Our ability to process large quantities of information coming at us at a rapid pace is called perceptual organization. To make sense of the world we need to organize incoming sensations into information and our perceptions may unconsciously lead us into illusionist traps. One of the basic theses of psychology is the Law of Association. It rests on the premise that the human brain tends to associate things that occur close to each other in time or space. As finding connections among things occurring closer together is also the principle of learning, it is hard to consciously distinguish between reality and illusion using the Law of Association. Especially if some events, court decisions or declarations of heads of states or prominent politicians, are considered to be representations of a certain reality.

Same time, same space happenings in the Europe of constitutional diversity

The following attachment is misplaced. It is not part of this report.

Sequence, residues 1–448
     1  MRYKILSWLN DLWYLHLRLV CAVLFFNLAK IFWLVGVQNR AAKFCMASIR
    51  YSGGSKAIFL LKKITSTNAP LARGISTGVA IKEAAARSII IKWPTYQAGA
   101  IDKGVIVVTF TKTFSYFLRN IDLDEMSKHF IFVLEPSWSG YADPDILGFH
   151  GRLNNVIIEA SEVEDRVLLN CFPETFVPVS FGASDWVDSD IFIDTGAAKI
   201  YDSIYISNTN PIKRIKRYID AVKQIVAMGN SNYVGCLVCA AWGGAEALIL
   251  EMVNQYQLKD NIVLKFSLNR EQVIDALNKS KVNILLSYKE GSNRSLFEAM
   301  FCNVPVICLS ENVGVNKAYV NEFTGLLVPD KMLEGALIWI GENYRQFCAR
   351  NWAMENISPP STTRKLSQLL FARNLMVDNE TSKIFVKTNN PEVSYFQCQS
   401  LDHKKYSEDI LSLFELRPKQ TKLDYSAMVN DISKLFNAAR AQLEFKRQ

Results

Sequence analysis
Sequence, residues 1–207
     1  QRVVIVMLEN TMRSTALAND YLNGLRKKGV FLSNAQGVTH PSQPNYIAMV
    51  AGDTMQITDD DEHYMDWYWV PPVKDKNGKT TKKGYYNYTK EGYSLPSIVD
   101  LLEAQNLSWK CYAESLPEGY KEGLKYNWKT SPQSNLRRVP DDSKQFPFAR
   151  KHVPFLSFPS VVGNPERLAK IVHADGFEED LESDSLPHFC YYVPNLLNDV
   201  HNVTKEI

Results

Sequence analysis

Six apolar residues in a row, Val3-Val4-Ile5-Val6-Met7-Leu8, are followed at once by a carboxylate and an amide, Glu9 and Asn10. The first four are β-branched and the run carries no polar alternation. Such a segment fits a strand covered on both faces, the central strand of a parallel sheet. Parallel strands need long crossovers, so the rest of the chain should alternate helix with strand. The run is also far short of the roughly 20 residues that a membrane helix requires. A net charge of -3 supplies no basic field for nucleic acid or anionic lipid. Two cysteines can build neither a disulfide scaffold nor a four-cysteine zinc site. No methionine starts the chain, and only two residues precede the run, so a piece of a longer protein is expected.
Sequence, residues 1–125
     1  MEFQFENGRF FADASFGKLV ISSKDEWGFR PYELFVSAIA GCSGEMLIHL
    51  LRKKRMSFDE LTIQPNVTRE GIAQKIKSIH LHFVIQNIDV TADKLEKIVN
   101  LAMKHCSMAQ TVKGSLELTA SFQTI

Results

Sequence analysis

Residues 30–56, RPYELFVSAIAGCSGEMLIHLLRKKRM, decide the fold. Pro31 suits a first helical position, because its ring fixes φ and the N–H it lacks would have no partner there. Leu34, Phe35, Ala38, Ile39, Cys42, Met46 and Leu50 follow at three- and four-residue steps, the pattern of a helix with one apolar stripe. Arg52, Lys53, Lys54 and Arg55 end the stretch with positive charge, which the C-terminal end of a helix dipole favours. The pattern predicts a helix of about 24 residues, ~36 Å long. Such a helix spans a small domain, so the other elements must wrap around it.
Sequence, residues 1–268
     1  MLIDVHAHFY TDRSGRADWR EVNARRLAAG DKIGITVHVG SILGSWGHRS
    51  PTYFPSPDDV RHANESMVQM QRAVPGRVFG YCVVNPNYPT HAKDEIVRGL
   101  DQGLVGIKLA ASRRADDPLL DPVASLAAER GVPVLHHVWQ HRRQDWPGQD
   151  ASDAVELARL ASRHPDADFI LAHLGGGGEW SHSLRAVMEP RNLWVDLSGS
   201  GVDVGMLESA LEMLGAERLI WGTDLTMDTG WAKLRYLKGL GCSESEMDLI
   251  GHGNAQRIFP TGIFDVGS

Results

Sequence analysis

When Hillion wrote on the Hungarian-Polish withdrawal in April 2020, I considered his textual interpretation of Article 50 a bit ambiguous. In early 2020, several uncertainties had the EU “run for her money”. Brexit became delivered on 31 January 2020. Then, COVID-19 consumed the world and filled the plates of world leaders. Simultaneously, several Eurosceptic theories spread all over Europe and the marathon negotiations for the next seven-year budget for the EU (MFF) began. In this climate, the German Federal Constitutional Court (GFCC) issued its notorious 5 May PSPP decision, declaring an EU legal act ultra vires, for overstepping the competences set out in the Treaties, based on Germany’s “Integrationsverantwortung”, a constitutional responsibility for the European integration process. The German ruling – which was not the first in this line of argumentation – was considered an alarm bell that could tear the EU apart with one toll, causing a heavy headache. Presumably, however, nobody recommended Germany to exit the EU. The EU emerged into being united in constitutional pluralism and this heterogeneity was verbalized in “United in diversity”. The EU comprises the sovereign legal systems of the Member States and of the sui generis EU legal order. Even if the CJEU has established the principle of primacy in Costa v ENEL, this could not imply hegemony in any way. We can consider the abovementioned Karlsruhe judgment or the recent Polish ruling as elements of European constitutional dialogue. However, according to Alexander Thiele, the two judgments are not equal. Without going into details here, one thing is obvious: the legal dilemma exists.